The Cranepage of the Bible Birds has been updated. I added a Gallery of most of the Cranes and some other information. Cranes are interesting and we get to see them quite often. We have two that walk through the yard almost daily. They are Sandhill Cranes. When they have young, they have been known to parade them through the yard to “show them off.”
The tallest Crane I have seen were the two Sarus Cranes which we encountered at the Wings of Asia Aviary at Zoo Miami. They came strolling down the walkway in the aviary right past me. I am only 4′ 10″ and they are 5′ 6″. Needless to say, I had to look up to them. I also gave them some space.
Isn’t the Creator fantastic in the variety of critters, especially the birds, that He has made and for us to enjoy.
Sarus Crane (Grus antigone) by Lee at Wings of Asia
“Look at the birds of the air, that they do not sow, nor reap nor gather into barns, and yet your heavenly Father feeds them. Are you not worth much more than they? (Matthew 6:26 NASB)
I am still working a little behind the scenes on the IOC Version 3.2 update. My eye surgery has slowed me down somewhat. With the new families that were added (see Updating to IOC Version 3.2 Underway ) I am making quite a few changes. Because of those families, I am working backwards to make room for the new pages.
Also, my eye surgery went well for a week, then when I got up from a nap last Thursday, my vision was blurred. After two visits to the Doctor, they say all is well, that something floated across inside. So far it is still there a week later. Right now, my vision is less than before the surgery. So, I have not been writing as many articles as normal. Continue to keep my in your prayers. They have definitely been felt.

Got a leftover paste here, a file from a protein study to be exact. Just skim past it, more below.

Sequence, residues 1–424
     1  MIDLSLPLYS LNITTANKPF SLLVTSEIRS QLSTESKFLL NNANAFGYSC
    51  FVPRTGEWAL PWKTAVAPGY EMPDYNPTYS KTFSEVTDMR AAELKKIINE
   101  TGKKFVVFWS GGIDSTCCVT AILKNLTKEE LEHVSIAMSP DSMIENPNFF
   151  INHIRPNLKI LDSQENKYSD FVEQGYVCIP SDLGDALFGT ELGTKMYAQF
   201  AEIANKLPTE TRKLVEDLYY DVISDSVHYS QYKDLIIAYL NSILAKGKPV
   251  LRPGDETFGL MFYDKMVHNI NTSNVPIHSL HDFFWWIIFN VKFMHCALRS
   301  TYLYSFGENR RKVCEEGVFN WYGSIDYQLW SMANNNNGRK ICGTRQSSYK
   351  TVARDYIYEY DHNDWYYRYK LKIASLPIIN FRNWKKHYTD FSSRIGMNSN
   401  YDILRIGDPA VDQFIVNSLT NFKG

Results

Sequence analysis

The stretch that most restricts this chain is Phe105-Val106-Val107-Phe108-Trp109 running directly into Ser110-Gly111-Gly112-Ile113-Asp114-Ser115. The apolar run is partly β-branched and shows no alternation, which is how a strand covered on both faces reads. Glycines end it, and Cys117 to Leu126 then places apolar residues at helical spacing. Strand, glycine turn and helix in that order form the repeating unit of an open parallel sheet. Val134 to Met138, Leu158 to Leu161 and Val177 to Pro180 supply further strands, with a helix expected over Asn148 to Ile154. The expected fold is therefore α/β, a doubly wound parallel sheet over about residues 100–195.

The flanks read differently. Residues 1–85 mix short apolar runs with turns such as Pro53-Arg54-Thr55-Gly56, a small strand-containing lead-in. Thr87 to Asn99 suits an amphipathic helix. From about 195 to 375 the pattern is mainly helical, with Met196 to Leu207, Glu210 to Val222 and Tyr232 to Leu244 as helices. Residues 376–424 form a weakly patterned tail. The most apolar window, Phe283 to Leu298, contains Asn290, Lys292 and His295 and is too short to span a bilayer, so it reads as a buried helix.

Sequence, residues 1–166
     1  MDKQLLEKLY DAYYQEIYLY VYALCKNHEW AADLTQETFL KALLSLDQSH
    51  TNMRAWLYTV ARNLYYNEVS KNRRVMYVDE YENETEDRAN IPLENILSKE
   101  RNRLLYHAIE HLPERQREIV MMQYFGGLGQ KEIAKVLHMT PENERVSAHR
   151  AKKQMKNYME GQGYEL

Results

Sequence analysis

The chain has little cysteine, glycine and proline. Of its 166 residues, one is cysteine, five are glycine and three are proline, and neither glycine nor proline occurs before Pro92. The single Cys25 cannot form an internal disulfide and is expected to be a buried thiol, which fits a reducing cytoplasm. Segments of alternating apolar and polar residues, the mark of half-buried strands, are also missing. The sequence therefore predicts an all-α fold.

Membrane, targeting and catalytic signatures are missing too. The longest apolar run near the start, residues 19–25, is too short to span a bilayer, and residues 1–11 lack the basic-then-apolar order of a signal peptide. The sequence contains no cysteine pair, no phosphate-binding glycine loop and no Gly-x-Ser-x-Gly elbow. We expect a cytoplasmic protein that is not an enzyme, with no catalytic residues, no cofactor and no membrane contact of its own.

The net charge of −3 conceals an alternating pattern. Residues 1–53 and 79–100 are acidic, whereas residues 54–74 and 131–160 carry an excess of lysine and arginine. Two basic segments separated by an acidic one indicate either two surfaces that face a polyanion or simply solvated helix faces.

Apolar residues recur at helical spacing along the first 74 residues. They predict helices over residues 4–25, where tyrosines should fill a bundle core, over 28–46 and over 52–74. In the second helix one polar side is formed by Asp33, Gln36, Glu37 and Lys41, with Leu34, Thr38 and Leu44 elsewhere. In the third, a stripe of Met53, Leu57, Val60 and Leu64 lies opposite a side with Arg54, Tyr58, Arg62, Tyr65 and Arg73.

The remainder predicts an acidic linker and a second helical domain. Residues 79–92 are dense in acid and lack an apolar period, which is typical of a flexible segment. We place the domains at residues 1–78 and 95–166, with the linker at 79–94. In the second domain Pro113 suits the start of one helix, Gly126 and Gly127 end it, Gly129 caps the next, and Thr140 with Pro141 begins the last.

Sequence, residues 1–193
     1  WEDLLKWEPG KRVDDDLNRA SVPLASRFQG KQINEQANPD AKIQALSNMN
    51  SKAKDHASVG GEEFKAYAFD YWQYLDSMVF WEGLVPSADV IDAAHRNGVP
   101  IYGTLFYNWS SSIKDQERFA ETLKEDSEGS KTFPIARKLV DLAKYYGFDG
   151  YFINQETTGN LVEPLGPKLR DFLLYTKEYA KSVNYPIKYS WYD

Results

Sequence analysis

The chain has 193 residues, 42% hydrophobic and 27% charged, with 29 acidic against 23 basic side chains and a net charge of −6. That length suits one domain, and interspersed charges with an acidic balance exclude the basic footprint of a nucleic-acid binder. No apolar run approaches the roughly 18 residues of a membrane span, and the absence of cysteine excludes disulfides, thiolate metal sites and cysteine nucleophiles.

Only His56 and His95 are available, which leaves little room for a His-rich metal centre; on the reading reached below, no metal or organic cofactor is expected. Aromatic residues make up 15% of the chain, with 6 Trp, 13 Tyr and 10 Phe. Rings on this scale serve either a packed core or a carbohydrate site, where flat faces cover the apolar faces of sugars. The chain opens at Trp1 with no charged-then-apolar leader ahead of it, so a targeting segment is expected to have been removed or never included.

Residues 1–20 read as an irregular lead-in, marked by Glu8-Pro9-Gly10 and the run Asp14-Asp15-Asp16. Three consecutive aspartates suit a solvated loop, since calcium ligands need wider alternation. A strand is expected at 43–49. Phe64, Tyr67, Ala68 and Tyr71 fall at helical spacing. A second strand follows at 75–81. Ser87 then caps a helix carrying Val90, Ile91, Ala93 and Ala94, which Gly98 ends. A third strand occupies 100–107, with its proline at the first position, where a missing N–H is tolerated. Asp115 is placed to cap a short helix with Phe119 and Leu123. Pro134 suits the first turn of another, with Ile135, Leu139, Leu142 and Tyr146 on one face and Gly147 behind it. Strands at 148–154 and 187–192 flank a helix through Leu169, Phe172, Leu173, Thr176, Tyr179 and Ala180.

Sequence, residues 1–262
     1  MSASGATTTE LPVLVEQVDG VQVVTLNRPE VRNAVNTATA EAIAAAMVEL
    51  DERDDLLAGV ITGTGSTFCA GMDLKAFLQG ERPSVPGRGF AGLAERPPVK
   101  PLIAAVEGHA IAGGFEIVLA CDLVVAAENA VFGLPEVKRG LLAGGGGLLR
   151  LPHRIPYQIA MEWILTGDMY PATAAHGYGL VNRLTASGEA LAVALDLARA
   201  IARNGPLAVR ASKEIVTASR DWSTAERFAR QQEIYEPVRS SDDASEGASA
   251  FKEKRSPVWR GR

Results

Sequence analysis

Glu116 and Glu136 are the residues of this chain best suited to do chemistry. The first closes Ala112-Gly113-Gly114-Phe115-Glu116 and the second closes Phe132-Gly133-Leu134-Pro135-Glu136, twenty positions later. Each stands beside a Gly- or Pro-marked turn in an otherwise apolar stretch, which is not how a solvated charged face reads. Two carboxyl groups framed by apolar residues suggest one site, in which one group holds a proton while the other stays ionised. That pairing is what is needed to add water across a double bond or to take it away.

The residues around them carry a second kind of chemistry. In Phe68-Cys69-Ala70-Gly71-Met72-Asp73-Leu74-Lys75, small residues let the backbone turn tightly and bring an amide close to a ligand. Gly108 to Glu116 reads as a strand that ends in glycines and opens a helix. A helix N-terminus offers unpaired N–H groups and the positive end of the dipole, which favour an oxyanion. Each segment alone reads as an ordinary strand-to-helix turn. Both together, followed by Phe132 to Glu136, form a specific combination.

Red-tailed Laughingthrush (Trochalopteron milnei) and Black-throated in forefront by Lee
While working on the Leiothrichidae – Laughingthrushes Family, I was enjoying remembering our visit to Zoo Miami this year. Those Laughingthrushes are sort of fun to watch. They hop around instead of walking. We were able to see the Sumatran (Black and White), Black-throated and the Red-tailed Laughingthrushes. I call the Sumatran “Joe Cool.” We have also seen the Red-faced Liocichla at the Riverbanks Zoo SC and the Red-billed Leiothrix (Leiothrix lutea) by Dan at National Aviary PA
Here are the Families Updated to IOC 3.2 Version from Laughingthrush to Grosbeaks, Saltators & Allies:
Puerto Rican Tody (Todus mexicanus) by Judd Patterson
The I.O.C. Version 2.8 World Bird List was released today and this time I am going to get with it immediately. In fact, I knew it was going to be available on March 31st, so I halted the 2.7 work and began the 2.8 Version two days ago. It’s back to the changes on the 233 Families, but this time it will be easier. (I hope!)